measurements in the Caldecott Tunnel in 2006 (Ban-Weiss
et al., 2008b), formaldehyde and acetaldehyde emission factors from gasoline-powered vehicles in the MCMA are 17
times higher. Fuel-based emission factors of formaldehyde
do not vary significantly with driving conditions (Zavala et
al., 2009a), so this species is not expected to be subject to
bias associated with the inclusion of idling. Given the large
differences in CO and aldehyde emission factors between the
US and Mexico City, it seems surprising that the NOx emission factor determined by PMF is within 10% of that from the
Caldecott Tunnel (Ban-Weiss et al., 2008b). However, the
Atmos. Chem. Phys., 10, 3629–3644, 2010
D. A. Thornhill et al.: Positive matrix factorization of vehicle emissions in Mexico City
NOx emission factor we derived using the fleet-average technique (Zavala et al., 2009b) is at least three times higher than
found in the US; again, the PMF-based value may represent
a lower bound because of the inclusion of idling. Because
of the semi-quantitative nature of the PM2.5 technique, we
have omitted it from this analysis. At the very least, these
comparisons suggest that there is great potential for reducing emissions of CO and aldehydes from gasoline-powered
vehicles in the MCMA.
Much of the contrast between the two countries is probably attributable to differences in the age distribution of the
vehicle fleet and in inspection and maintenance standards.
Newer vehicles feature technological improvements in engine design and emissions control systems that lead to more
efficient operation and reduced emissions. In the US, emission factors of vehicles that are 10–12 years old are ∼4
times higher than those of vehicles five years old or younger
(Bishop and Stedman, 2008). Chases of vehicles by a mobile laboratory in Macao in 2004 found CO emission factors of 230 g kg−1 for passenger cars at least 10 years old
and 32 g kg−1 for newer cars, a factor of seven difference
(Tang and Wang, 2006). The MCMA’s policy Hoy No Circula, which restricts vehicles from driving on certain days
according to their license plate numbers, may have slowed
the improvement in emissions from passenger cars because
some households acquire additional vehicles for use on alternating days, and these tend to be older (Davis, 2008) and
therefore more polluting. Differences in emission factors
may also stem from the fact that tunnel studies and remote
sensing studies are restricted to a single site, in contrast to
the mobile laboratory which is exposed to a larger variety of
driving conditions.
Emission factors from diesel-powered vehicles in the
MCMA are more similar to those found in the US. In contrast to gasoline-powered vehicles, which have been subject to strict emissions regulations, diesel-powered vehicles
have not had to employ emissions control systems until very
recently, so there has been considerably less variability in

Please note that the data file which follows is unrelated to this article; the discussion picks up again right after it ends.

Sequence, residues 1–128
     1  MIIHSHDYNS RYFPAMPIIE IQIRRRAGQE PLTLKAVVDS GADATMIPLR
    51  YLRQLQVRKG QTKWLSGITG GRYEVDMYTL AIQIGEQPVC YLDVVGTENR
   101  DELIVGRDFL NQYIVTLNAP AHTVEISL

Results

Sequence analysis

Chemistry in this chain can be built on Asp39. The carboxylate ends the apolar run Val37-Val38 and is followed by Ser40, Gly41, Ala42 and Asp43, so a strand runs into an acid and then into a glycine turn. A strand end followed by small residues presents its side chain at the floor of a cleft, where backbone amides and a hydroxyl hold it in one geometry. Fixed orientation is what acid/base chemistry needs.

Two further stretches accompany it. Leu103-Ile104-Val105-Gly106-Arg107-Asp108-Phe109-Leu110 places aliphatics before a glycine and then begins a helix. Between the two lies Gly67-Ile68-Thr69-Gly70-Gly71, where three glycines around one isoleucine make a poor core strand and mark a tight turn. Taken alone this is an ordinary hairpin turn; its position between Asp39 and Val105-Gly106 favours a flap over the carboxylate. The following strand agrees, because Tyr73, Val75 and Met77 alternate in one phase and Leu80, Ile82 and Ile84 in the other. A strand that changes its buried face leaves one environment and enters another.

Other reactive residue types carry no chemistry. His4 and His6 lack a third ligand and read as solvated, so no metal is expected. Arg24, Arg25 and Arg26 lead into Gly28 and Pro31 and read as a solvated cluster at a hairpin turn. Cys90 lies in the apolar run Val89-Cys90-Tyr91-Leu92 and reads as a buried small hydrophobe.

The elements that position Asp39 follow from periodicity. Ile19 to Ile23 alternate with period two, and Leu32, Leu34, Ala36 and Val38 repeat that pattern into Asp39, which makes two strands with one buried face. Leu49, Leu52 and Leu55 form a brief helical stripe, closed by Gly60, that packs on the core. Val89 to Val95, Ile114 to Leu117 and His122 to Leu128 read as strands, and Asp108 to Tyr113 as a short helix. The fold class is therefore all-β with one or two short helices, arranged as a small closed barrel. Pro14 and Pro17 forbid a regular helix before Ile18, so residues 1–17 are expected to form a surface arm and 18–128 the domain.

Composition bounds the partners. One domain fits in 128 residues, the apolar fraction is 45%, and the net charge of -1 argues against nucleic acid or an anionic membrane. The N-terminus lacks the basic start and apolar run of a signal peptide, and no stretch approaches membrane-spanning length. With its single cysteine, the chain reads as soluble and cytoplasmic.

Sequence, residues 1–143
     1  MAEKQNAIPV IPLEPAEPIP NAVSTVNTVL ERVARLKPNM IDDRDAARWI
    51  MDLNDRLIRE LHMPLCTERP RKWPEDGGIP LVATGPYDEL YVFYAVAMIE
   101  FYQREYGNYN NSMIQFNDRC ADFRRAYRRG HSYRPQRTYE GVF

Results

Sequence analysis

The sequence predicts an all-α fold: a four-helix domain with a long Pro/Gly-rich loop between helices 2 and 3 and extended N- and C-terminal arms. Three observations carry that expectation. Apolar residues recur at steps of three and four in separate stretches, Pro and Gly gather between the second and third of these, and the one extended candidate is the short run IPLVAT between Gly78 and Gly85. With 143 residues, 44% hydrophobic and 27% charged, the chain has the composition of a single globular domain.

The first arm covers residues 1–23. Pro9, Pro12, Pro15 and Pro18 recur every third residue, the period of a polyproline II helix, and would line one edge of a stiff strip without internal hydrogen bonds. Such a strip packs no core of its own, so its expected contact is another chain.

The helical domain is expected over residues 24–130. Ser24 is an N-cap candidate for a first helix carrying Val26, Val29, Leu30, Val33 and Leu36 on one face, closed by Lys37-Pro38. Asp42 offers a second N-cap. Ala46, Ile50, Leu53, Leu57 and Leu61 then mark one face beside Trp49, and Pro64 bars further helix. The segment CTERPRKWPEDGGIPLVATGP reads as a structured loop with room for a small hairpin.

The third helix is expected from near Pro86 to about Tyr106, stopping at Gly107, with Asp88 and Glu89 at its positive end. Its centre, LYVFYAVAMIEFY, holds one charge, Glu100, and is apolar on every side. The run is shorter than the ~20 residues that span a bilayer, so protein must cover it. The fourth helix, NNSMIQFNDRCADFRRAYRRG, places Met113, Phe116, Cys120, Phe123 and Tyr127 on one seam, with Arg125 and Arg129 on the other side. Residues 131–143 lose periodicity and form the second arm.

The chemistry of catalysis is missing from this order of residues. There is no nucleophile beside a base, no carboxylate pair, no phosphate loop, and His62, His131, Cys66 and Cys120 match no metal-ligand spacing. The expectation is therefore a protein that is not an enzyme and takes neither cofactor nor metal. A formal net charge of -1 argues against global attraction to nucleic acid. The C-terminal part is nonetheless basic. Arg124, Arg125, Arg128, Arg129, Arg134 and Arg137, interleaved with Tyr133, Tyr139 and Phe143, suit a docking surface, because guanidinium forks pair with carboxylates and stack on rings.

diesel-powered vehicle emissions over time, especially for
NOx (Ban-Weiss et al., 2008b; Yanowitz et al., 2000). Measurements from the Caldecott Tunnel in 2006, Colorado in
2005, and the Squirrel Hill Tunnel in Pittsburg, Pennsylvania in 2002 produced diesel NOx emission factors of 40, 50,
and 45 g kg−1 , respectively (Ban-Weiss et al., 2008b; Burgard et al., 2006; Grieshop et al., 2006). The MCMA’s value
of 38 g kg−1 derived by PMF is similar. The agreement in the
emission factor for NOx , the most significant diesel-related
gaseous pollutant aside from CO2 , adds confidence to our
results from Mexico City. Diesel emission factors for particle number are 2–3 times higher in the MCMA than in the
Caldecott Tunnel (Ban-Weiss et al., 2009; Kirchstetter et al.,
1999a). CO emission factors from the tunnel are highly uncertain (Harley, R., 2010, personal communication), so we
exclude this species from the comparison. Emission factors
of formaldehyde and acetaldehyde in the MCMA are 1.2–2.5
Atmos. Chem. Phys., 10, 3629–3644, 2010
times higher than measured in the Caldecott Tunnel in 2006
(Ban-Weiss et al., 2008a), and that of BC is 1.7 times higher
(Ban-Weiss et al., 2009). Some differences between studies
may also be attributable to the use of different instrumentation, especially for particles. For example, the Caldecott
study uses a water-based CPC for particle number and an
aethalometer for BC, while the AML uses a butanol-based
CPC and multi-angle absorption photometer for BC. A second difference is the inclusion of idling in the PMF analysis.
Diesel engine NOx and BC emission factors are lower during idling (Coelho et al., 2009; Huai et al., 2006; Khan et
al., 2006; Shah et al., 2004; Zhai et al., 2008), but the influence is expected to be smaller than for gasoline-powered
vehicles because the emission factors (fuel-based) vary less
as a function of engine load.
To estimate total emissions from on-road motor vehicles,
shown in Table 4, we multiply the emission factors presented
in Table 3 by fuel densities of 0.732 kg L−1 for gasoline